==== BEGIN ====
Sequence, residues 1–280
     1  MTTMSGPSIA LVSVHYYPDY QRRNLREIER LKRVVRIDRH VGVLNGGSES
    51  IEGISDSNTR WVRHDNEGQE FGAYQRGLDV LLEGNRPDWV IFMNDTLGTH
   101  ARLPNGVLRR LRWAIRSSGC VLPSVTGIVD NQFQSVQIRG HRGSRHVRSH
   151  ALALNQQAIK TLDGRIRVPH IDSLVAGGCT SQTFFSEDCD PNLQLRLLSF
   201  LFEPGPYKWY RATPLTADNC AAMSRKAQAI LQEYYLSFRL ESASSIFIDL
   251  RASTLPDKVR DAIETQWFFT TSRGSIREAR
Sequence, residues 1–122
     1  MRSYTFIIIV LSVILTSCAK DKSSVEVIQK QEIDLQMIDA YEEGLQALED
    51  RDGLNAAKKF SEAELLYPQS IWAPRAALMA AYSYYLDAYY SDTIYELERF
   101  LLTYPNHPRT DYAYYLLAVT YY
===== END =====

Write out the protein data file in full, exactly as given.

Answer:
Sequence, residues 1–280
     1  MTTMSGPSIA LVSVHYYPDY QRRNLREIER LKRVVRIDRH VGVLNGGSES
    51  IEGISDSNTR WVRHDNEGQE FGAYQRGLDV LLEGNRPDWV IFMNDTLGTH
   101  ARLPNGVLRR LRWAIRSSGC VLPSVTGIVD NQFQSVQIRG HRGSRHVRSH
   151  ALALNQQAIK TLDGRIRVPH IDSLVAGGCT SQTFFSEDCD PNLQLRLLSF
   201  LFEPGPYKWY RATPLTADNC AAMSRKAQAI LQEYYLSFRL ESASSIFIDL
   251  RASTLPDKVR DAIETQWFFT TSRGSIREAR
Sequence, residues 1–122
     1  MRSYTFIIIV LSVILTSCAK DKSSVEVIQK QEIDLQMIDA YEEGLQALED
    51  RDGLNAAKKF SEAELLYPQS IWAPRAALMA AYSYYLDAYY SDTIYELERF
   101  LLTYPNHPRT DYAYYLLAVT YY